View Full Version : Black Powder City Ordnance

05-16-2021, 06:38 PM
I live in a city in Indiana that has a city ordnance that 5# or more of black powder must be keep in a powder magazine designed to contain an explosion forcing it to go up not out. Has anyone ran into this and how do you handle it. Building a 12" concret walled well with a wood roof is several hundred dollars if I could get a permit. This means I find black powder local or pay out the nose for 3 pounds or less shipped to me. I need some good ideas on how to handle having 4 pounds or more in house.

country gent
05-16-2021, 07:49 PM
call the city dept in charge and request what they recommend for storage and what amount it is for. Chances are what you build off your head or on others recommendations wont be right according to them.
What I would make would be a closet from 2 x 8s lined with heavy plaster board ( fire protection ) inside and out. use grill grates for shelves and top.

I have read where the old powder factories were heavy concrete walls and floor no straight hallways a lot of windows on outside walls and a weak roof. widows and roof went but building remained intact to be rebuilt

05-16-2021, 07:54 PM
Here is a link to a site that sells them and holds up to 50lbs but costs $275.


It took me a bit of research to find it. Good luck.


05-16-2021, 09:15 PM
Been using an old shed with partial concrete / dirt covered over with lino/carpet for my reloading all these years ...
lately been thinking about picking up a concrete vault box ..same as is used for water/electrical in ground .
one of the bigger ones , about 2 by 4 ft. or so and as I remember about 18 inches or so deep ..
Also if wanted , can pick up an extension for depth and have the lid stating water or electrical .
Some what familiar with these as I have been in the dirt work all these years .
With the shed floor as it is , no big deal digging out a small section for this purpose.
Priced them out here locally at 150.00 give or take ... for my powder collection.
Depends on how much work but also could be done in a slab by cutting a small section.

05-16-2021, 09:24 PM
I don't remember exactly, but the ATF required black powder dealers to store their bp in a metal box lined with a specific thickness of wood lining. I'm sure the specs are available on line. It would be in the explosive storage rules. Most municipal regs copy the feds specs so should meet local requirements. Whether the locals allow residential storage is a different matter though.
All my powder is in a metal cabinet lined with plywood glued in so no metal can contact the product.

05-16-2021, 09:58 PM
I think you will find using 1" wood planks nailed together is all the material you need. The old powder safes we had in all the stores I worked in were made of 1" thick wooden boards. You might ask them if you make it from wood what dimensions and specific wood thickness would they allow.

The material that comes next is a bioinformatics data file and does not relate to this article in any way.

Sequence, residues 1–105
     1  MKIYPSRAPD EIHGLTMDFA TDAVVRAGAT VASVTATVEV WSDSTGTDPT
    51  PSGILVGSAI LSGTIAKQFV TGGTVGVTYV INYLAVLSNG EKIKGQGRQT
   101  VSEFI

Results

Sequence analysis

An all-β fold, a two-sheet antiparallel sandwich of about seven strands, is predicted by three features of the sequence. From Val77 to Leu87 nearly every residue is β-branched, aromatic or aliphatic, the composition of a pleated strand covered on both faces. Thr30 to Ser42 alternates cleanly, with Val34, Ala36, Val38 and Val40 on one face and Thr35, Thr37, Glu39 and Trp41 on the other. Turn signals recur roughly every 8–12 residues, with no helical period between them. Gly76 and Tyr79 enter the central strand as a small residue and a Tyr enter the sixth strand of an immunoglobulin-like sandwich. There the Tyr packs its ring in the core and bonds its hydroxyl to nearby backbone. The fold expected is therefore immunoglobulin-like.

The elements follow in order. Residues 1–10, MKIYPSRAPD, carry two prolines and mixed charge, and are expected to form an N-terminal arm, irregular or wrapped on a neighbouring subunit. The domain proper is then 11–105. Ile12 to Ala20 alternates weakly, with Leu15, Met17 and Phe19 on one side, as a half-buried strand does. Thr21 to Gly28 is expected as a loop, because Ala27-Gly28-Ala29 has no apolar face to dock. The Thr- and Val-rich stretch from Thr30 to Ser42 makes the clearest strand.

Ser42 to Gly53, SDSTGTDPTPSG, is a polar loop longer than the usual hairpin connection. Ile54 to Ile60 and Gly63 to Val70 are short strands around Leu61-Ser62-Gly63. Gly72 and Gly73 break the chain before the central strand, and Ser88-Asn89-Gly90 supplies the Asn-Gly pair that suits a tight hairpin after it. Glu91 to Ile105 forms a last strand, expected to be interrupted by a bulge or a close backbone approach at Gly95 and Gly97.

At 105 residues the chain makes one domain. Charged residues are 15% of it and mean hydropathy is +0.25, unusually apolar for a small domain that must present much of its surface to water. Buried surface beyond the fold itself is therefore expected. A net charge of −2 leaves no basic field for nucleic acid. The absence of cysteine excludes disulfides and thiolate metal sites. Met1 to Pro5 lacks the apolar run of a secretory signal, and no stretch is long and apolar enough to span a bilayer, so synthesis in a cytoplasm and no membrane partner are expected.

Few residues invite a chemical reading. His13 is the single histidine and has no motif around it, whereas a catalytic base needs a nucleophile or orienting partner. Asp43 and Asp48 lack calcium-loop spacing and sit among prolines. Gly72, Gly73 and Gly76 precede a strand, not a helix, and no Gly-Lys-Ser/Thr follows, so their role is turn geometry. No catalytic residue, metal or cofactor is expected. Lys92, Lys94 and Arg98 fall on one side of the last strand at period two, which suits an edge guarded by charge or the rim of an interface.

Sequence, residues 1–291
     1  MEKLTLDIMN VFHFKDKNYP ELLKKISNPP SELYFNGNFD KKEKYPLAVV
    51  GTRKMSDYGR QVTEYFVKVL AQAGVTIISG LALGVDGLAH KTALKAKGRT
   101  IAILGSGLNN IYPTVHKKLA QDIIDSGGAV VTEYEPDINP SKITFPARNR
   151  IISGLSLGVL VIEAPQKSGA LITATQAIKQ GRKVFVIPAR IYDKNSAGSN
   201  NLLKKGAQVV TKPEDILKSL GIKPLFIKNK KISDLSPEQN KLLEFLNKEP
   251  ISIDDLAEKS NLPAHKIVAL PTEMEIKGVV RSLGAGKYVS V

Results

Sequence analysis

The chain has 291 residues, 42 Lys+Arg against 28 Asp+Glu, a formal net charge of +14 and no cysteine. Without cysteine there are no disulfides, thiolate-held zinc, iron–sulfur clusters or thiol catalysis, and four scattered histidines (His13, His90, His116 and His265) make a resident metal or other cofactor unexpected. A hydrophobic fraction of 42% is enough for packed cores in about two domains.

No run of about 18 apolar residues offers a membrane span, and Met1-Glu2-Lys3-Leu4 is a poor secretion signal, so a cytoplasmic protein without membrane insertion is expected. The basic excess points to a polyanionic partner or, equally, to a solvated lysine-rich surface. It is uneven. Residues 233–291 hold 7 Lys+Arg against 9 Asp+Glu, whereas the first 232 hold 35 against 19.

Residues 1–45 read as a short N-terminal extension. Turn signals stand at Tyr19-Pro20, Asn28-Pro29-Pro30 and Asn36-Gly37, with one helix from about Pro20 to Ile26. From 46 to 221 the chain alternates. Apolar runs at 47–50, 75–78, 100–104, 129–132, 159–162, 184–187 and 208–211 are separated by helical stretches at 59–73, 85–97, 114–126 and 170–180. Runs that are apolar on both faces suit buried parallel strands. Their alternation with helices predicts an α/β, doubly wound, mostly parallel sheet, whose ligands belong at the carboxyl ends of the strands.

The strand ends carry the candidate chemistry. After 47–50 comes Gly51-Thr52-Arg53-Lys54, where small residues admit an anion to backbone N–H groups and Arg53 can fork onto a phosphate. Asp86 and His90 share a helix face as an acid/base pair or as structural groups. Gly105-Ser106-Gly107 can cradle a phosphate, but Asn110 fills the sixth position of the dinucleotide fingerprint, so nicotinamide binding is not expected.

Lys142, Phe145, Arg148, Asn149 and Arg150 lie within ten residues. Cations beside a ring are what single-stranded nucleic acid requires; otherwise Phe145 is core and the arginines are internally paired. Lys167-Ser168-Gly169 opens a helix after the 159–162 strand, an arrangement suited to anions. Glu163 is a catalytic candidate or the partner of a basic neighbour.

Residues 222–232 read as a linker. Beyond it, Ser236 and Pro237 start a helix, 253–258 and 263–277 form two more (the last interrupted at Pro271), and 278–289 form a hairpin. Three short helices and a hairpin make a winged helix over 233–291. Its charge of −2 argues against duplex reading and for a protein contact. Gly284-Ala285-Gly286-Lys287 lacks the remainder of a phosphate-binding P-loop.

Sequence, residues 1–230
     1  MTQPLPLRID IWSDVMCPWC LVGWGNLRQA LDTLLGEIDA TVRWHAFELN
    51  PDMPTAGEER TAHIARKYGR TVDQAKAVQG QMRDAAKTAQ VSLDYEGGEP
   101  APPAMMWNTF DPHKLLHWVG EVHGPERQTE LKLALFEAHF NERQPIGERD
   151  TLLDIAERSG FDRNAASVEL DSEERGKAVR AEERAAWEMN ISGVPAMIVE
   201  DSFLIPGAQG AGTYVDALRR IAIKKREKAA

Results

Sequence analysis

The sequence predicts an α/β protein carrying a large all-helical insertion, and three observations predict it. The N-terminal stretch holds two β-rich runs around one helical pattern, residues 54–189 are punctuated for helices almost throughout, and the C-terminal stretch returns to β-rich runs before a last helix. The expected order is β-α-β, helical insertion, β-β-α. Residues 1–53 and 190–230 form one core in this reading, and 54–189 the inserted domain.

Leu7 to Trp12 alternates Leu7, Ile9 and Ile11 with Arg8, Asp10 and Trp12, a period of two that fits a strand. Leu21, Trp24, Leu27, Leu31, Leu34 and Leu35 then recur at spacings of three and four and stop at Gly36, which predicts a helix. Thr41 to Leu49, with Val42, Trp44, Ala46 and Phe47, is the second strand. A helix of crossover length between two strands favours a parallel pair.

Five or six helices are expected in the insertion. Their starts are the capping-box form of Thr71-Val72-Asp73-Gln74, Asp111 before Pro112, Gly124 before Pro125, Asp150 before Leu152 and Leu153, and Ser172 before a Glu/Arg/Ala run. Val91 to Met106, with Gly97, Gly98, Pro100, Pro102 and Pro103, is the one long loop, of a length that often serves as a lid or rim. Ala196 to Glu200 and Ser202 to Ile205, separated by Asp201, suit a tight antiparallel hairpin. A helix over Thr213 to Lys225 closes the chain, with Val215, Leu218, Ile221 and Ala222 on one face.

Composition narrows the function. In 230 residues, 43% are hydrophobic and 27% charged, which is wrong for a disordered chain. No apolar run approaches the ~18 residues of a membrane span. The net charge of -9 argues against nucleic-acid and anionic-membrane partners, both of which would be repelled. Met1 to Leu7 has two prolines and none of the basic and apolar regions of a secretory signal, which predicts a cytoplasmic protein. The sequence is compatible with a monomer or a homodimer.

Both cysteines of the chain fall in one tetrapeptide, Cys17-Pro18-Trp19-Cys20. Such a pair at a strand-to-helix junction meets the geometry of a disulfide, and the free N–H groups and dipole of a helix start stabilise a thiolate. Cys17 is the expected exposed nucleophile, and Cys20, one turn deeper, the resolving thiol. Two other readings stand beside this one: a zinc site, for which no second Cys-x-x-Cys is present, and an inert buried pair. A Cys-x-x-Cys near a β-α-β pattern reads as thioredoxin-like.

05-16-2021, 10:16 PM
ATF magazine specs:


05-16-2021, 10:50 PM
Well I'm not suprised things have changed quite a bit since my days in retail stores. !!!

05-17-2021, 08:47 AM
just store 4 pounds in several different locations. according to powder valley you can transport 50 pounds max in your personal vehicle.

05-17-2021, 11:23 AM
How are they going to know how much BP you have and how its stored?

05-17-2021, 12:51 PM
So if we are talking about a Type 2 rated magazine then according to ATF the Maine Powder house Safe (link in post #3) should have a minimum of 12 gauge outer walls instead of the 18 gauge in the advertisement?
What am I missing?

05-17-2021, 02:07 PM
I worked with a woman that has family that when driving home from Roswell NM and had some black powder new in a paper bag in the back seat of there king cab Toyota that went boom when the ash from the drivers cigarette caught the bag on fire it blow all the windows out she thought they where trying to stop when it went off both family members lost more then fingers and toes . This happened in early 90's to mid 90's maybe someone will remember it happing ? My coworker did not like talking about it.

05-17-2021, 02:28 PM
Well that sounds interesting , how much powder ? bag open? must have been a airtight vehicle , smoking with a open bag of any gun powder what could go wrong ? I have been shooting black powder since mid 70's and other then us kids lighting off a pile as I hear my father and his brothers also did , I have never experienced any issues with black powder and I consider it as dangerous as smokeless .

Both should be treated with respect as should gasoline , but they are not as dangerous as the rule makers would have us peasants believe .

First it is none of their business what you have , and if you think powder is so bad you probably should not have any , or gas or solvents or a host of other things , store what you need separate it if you feel the need , do not discuss what you have with anyone .